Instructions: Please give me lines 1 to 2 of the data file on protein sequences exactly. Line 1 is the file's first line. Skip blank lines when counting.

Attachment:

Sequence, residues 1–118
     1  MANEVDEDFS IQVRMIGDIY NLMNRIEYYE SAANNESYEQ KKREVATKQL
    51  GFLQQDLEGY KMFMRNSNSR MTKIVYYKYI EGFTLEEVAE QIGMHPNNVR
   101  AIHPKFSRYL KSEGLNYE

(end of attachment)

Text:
Sequence, residues 1–118
     1  MANEVDEDFS IQVRMIGDIY NLMNRIEYYE SAANNESYEQ KKREVATKQL